Are regulations stifling CFD development in Formula One?Tags : aerodynamics
It has long been debated, and to an extent accepted, that the regulations have stifled creativity of design in Formula One, but is it now possible that this has spread to creativity in simulation methodology? The long and the short of it is yes, but the questions remain: is it possible to be creative within the regulations, and what do the current regulations implicitly prohibit?
The regulations impose a limit on the combined use of CFD and wind tunnel time must fall below a limit line. The natural implication of this is that, for most teams, CFD use is compromised to an extent in favour of wind tunnel time, given that it remains the primary development tool of the teams.
It follows then that one of the most desirable attributes for a CFD simulation is fast turnaround. This has led to a great deal of convergence of methodology between teams to using commercial Reynolds averaged Navier Stokes (RANS) solvers with wall modelling, high under-relaxation factors and high-quality meshes capable of producing steady values of lift and drag within a few hundred iterations.
While this methodology can produce well-correlated results in a timely fashion, however, it does not represent the forefront of development in CFD methodology, and arguably shows that teams are heading towards a stagnation in accuracy improvements. Practicality governs the use of this methodology but the regulations prohibit more accurate and more computationally expensive methodologies. Now let’s examine the possibilities the teams are dissuaded from pursuing.
First, if we discount methods such as direct numerical simulation, large eddy simulation and (to an extent) detached eddy simulation as being impractical – particularly in terms of providing a result within an acceptable timeframe for a Formula One team – then we are still left with main ways of simulating the unsteady flows characterised by a Formula One car: the unsteady RANS and Lattice-Boltzmann methods.
Both provide a wealth of data beyond steady-state RANS solvers, as the ability to look at transient data makes it is easier to visualise how flow structures interact with one another and how vortices generated at the front of the car propagate downstream. Both are available in existing commercial software, the Lattice-Boltzmann method in particular allowing transient data to be obtained at a relatively low computational cost, and because it is inherently transient and has greater numerical stability, it is harder to make the simulation crash. These methods could realistically be used by Formula One teams on a daily basis to drive development; it is primarily the regulations that stop them exploring them further.
Aside from using new methods, teams are equally restricted in trying to maximise the information they can generate in conjunction with their existing RANS solvers. In recent years there has been more emphasis on creating aero-elastic bodywork, which allows teams to set up their car with minimum compromise or (depending on your opinion) completely flout the regulations. Rightly or wrongly, aero-elastic bodywork is an area of interest to Formula One teams, and much of the focus on it has concerned the front wings, specifically flexing the wing to move the ends closer to the floor to further exploit the ground effect or to place the wing into a stall condition to reduce drag.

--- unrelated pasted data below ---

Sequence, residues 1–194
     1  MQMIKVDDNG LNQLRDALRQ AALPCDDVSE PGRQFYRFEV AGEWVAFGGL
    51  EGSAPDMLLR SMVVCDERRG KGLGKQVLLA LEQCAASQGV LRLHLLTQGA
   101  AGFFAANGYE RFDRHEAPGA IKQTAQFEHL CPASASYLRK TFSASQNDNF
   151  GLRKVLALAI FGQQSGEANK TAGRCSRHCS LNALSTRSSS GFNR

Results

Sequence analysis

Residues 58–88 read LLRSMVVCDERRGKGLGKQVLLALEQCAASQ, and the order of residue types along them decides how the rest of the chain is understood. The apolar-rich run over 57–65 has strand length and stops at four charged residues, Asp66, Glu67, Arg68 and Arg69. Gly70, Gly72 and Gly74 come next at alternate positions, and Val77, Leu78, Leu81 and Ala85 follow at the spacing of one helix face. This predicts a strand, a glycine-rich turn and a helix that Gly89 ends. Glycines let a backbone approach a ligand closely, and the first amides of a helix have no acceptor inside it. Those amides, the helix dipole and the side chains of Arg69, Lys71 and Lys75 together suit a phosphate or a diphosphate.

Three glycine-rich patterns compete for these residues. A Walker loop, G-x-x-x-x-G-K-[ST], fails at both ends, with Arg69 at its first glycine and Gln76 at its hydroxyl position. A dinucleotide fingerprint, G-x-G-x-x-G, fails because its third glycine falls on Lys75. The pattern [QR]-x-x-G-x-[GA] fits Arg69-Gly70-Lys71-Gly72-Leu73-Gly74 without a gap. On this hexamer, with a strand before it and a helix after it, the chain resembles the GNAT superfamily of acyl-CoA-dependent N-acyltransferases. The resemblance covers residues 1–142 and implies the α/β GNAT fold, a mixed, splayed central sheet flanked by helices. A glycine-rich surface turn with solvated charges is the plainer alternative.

Aero-elasticity is particularly difficult to model in a wind tunnel: the materials used and the size of the (scale) models are different from the car they mimic, and hence behave differently. Computationally it is possible to model aero-elasticity, although at present it invariably involves coupling a fluid dynamics solver with a structural solver. This presents its own difficulties: scripting is needed to couple the solvers, as is potentially the need to re-mesh the geometry after it has altered shape and skewed some elements. Naturally though, the passing of information between solvers and the need to run longer to achieve convergence for each iteration of geometry change means this is not currently an attractive way for Formula One teams to run their solvers on a daily basis.
It is often said by technical writers that the wheels and tyres account for around a third of the drag on a Formula One car, so modelling the flow interaction with the wheels is seen as crucial to being able to engineer an efficient car. There are currently two main ways of modelling wheel rotation – using a moving reference frame, and using a sliding mesh. The former is the norm for Formula One teams, and relies on assigning a constant speed of rotation to a volume region. The latter is generally out of reach to teams as it invariably requires a transient simulation to be run, although neglecting its use means teams are not modelling the true rotation of the wheel.
Aside from modelling the rotation, another key area teams seek to optimise to improve their correlation is the squash shape of the tyre. Modelling the deformation of the tyre would again involve coupling the simulation with a structural solver, and is hence not possible within the framework of the regulations. So while teams model different trajectories of yaw, steer, roll and ride heights, their accuracy is limited by their grasp of tyre squash.
Next edition’s article on this keyword will continue to examine what the current regulations implicitly prohibit, focusing predominantly on thermal applications.
Written by Sam Wakelam